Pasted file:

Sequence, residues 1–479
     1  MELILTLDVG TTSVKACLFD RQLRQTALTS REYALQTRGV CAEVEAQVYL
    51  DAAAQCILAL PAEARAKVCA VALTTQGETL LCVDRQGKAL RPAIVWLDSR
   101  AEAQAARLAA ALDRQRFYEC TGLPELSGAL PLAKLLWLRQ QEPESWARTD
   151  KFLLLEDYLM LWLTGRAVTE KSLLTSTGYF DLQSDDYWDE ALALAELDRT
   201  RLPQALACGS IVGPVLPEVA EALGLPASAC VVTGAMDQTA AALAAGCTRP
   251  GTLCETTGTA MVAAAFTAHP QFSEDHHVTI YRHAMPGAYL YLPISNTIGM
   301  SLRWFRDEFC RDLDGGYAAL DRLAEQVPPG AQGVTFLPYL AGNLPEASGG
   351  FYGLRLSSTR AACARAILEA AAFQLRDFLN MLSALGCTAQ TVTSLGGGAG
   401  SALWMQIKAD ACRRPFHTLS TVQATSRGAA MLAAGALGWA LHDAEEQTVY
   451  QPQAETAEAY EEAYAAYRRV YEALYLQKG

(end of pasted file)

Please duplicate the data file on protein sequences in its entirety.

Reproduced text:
Sequence, residues 1–479
     1  MELILTLDVG TTSVKACLFD RQLRQTALTS REYALQTRGV CAEVEAQVYL
    51  DAAAQCILAL PAEARAKVCA VALTTQGETL LCVDRQGKAL RPAIVWLDSR
   101  AEAQAARLAA ALDRQRFYEC TGLPELSGAL PLAKLLWLRQ QEPESWARTD
   151  KFLLLEDYLM LWLTGRAVTE KSLLTSTGYF DLQSDDYWDE ALALAELDRT
   201  RLPQALACGS IVGPVLPEVA EALGLPASAC VVTGAMDQTA AALAAGCTRP
   251  GTLCETTGTA MVAAAFTAHP QFSEDHHVTI YRHAMPGAYL YLPISNTIGM
   301  SLRWFRDEFC RDLDGGYAAL DRLAEQVPPG AQGVTFLPYL AGNLPEASGG
   351  FYGLRLSSTR AACARAILEA AAFQLRDFLN MLSALGCTAQ TVTSLGGGAG
   401  SALWMQIKAD ACRRPFHTLS TVQATSRGAA MLAAGALGWA LHDAEEQTVY
   451  QPQAETAEAY EEAYAAYRRV YEALYLQKG